Betsy DeVos, the Secretary of Education nominated by President Donald Trump, is making an announcement on Thursday, Sept. 7 about Title IX. Title IX is a law that's been in place in schools for a long while, and it's been thrown around a lot in the news in the past few years. Still, some might be confused about what exactly it is that Title IX does. So let's review it.
Title IX in general is a really simple concept. It's part of the Education Amendments Act of 1972, which was created in -- you guessed it -- the 1970s. Title IX says,
No person in the United States shall, on the basis of sex, be excluded from participation in, be denied the benefits of, or be subjected to discrimination under any education program or activity receiving Federal financial assistance.
There's an easy translation for that. Basically, what Title IX says in its simplest form is that girls and gender non-confirming people can't be barred from participating in things in schools (and, on the other side, boys can't be barred from participating in things in schools). So, for example, girls should be allowed to play on a school sports team by order of the law. Really, it's just about equality and saying that everyone -- regardless of gender identity -- has to be allowed the same opportunities.
Title IX is law for any school that gets federal funding. Although we hear about it a lot in reference to colleges, it also applies to K-12 schools.
So then how does Title IX apply to sexual assault?
In recent years, we've been hearing a lot about Title IX in reference to campus sexual assault (and, again, although we hear less about it, Title IX also applies to K-12 for sexual assault. Know your rights!).
Schools are required to handle sexual assault cases because of Title IX. This takes some logical steps, so join me through this. Title IX says that all students have to have equal opportunities in schools. If a person is harassed or assaulted, which are included under the umbrella of gender-based violence, they may not have that equal access -- i.e. if your assailant is in your five-person seminar, you may not feel safe going to class, so you don't have equal opportunity to get that education.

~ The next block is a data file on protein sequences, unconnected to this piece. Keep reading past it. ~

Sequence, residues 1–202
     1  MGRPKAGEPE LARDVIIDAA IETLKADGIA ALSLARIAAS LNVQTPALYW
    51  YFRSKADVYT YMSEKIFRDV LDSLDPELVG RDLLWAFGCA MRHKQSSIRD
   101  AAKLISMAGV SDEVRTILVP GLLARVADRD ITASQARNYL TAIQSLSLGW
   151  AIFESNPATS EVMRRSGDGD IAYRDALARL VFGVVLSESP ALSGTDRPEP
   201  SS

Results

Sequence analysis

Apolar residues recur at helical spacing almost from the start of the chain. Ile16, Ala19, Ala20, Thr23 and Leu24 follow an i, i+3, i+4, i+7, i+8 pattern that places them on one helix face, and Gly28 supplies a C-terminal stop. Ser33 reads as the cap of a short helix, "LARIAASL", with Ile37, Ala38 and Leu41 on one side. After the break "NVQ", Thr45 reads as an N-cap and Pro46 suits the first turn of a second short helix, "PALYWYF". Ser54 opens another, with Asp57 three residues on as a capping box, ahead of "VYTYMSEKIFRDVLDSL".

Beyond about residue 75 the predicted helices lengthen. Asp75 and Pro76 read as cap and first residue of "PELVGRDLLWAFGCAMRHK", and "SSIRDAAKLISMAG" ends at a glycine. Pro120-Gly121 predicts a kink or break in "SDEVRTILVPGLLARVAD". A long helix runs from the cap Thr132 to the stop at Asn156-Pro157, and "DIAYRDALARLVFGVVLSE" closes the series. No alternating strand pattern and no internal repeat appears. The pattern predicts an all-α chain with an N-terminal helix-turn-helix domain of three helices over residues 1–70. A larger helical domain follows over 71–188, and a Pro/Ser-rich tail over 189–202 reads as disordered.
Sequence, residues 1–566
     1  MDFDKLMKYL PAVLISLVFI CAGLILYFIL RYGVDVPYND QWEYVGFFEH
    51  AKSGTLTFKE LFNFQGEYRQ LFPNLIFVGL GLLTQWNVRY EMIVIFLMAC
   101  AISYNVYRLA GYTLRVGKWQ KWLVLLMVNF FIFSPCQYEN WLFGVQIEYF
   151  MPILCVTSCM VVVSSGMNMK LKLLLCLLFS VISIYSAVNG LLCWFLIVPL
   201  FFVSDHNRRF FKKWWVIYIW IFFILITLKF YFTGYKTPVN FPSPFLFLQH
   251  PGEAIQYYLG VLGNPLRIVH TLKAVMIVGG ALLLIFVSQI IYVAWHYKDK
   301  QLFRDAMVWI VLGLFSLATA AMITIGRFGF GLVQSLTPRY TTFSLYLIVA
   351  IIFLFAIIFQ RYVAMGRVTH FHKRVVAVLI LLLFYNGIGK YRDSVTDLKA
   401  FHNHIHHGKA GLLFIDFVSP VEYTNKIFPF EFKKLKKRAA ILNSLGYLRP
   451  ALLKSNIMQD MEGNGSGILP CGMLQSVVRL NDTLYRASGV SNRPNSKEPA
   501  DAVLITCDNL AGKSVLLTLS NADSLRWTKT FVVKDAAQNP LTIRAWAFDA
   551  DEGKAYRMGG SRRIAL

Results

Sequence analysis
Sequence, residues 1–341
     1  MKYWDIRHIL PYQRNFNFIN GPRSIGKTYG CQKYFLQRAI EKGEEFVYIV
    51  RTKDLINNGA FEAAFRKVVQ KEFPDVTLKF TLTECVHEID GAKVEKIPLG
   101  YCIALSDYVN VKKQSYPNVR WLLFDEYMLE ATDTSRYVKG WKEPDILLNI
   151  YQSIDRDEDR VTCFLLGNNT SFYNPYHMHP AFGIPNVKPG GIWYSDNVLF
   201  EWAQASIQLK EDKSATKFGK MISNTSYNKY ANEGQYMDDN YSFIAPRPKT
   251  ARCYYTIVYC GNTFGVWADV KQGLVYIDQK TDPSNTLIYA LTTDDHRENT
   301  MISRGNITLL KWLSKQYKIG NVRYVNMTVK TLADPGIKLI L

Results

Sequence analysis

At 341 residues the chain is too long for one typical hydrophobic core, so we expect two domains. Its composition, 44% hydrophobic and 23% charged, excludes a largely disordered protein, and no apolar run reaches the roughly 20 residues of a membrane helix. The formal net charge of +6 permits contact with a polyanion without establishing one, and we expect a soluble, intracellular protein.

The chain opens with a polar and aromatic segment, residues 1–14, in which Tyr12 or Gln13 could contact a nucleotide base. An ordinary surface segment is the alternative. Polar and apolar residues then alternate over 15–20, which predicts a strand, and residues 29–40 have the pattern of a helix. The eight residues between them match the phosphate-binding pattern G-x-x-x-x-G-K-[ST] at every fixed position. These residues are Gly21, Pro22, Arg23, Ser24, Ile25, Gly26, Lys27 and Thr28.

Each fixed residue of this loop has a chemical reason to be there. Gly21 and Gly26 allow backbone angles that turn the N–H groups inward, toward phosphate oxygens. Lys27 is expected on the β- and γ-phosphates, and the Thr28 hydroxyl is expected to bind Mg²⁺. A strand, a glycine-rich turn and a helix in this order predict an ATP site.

This is where things start to get a little more complicated, but it all remains under that same goal: Opportunities must be equal.
In 2011, the Obama administration sent a "Dear Colleague" letter that more specifically outlined what schools have to do under Title IX. It doesn't actually change the law, it just tells schools that they have to follow it and protect students from discrimination from cases of sexual violence as immediately as possible.
When a school is found to be noncompliant with Title IX, it means that they aren't following these rules in protecting the survivor and stopping sexual violence as soon as possible.
Overall, it's a pretty simple idea. Title IX just wants to make sure that people of all gender identities have the same access to education and everything that comes with education. It really shouldn't be that controversial.